In one of three interviews yesterday, Mr Obama said the rebels were "saying the right things" so far. "Most of them are professionals, lawyers, doctors, people who appear to be credible," he told CBS.
A former leader of Libya’s al Qaeda affiliate says he thinks “freelance jihadists” have joined the rebel forces, as NATO’s commander told Congress on Tuesday that intelligence indicates some al Qaeda and Hezbollah terrorists are fighting Col. Moammar Gadhafi’s forces.
Former jihadist Noman Benotman, who renounced his al Qaeda affiliation in 2000, said in an interview that he estimates 1,000 jihadists are in Libya.
Western and Arab officials say the example set by young Arabs seeking peaceful political change is a counterweight to al-Qaeda's push for violent militancy and weakens its argument that democracy and Islam are incompatible.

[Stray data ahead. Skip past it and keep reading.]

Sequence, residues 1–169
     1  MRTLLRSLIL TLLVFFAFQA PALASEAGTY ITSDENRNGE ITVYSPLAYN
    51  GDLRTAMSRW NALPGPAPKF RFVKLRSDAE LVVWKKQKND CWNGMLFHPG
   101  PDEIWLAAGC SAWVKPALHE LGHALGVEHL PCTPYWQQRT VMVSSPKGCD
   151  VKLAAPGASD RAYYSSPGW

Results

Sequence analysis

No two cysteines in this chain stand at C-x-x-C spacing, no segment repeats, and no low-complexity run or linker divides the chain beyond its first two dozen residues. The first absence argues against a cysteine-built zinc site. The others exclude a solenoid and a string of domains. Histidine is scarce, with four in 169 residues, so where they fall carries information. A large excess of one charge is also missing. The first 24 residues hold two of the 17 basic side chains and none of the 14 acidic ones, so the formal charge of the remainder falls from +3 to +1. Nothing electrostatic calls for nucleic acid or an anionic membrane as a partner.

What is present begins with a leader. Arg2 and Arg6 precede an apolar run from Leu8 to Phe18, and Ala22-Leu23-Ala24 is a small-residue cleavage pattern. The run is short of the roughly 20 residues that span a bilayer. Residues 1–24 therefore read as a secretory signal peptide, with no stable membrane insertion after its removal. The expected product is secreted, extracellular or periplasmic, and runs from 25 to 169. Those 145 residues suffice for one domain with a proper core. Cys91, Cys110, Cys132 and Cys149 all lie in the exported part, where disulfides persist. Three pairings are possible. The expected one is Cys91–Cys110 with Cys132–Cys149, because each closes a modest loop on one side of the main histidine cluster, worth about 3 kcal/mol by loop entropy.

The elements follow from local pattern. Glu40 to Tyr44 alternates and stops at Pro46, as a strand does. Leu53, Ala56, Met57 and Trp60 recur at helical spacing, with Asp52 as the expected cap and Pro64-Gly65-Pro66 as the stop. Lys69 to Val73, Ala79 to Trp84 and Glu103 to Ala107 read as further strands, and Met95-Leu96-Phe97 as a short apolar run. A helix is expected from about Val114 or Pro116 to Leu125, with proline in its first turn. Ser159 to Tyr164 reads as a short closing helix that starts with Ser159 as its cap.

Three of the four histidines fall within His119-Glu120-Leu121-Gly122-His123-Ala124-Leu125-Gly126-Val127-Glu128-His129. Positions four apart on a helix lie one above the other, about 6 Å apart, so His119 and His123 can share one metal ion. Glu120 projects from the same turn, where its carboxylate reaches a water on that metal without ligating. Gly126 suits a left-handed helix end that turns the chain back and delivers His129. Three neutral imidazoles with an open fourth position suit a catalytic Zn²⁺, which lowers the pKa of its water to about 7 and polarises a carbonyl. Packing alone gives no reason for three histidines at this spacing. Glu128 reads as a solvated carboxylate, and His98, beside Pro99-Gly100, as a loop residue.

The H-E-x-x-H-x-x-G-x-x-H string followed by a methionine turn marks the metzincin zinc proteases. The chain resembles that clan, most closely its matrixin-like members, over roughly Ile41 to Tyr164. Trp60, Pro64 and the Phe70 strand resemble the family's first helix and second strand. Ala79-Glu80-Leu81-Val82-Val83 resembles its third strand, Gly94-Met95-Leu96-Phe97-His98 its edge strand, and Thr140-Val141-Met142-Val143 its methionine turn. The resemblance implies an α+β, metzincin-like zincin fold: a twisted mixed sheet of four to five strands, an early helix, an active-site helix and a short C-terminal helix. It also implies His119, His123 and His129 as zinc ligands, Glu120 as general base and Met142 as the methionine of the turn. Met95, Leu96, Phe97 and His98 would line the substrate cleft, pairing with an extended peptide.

But al-Awlaki, who has been linked to a series of terrorist plots, said the removal of anti-Islamist autocrats meant Islamic fighters and scholars were now freer to discuss and organise.
"Our mujahideen brothers in Tunisia, Egypt, Libya and the rest of the Muslim world will get a chance to breathe again after three decades of suffocation," he wrote, using a term that refers generally to Islamic guerrilla groups or holy warriors.
"For the scholars and activists of Egypt to be able to speak again freely, it would represent a great leap forward for the mujahideen", wrote Awlaki, who is believed to be hiding in Southern Yemen.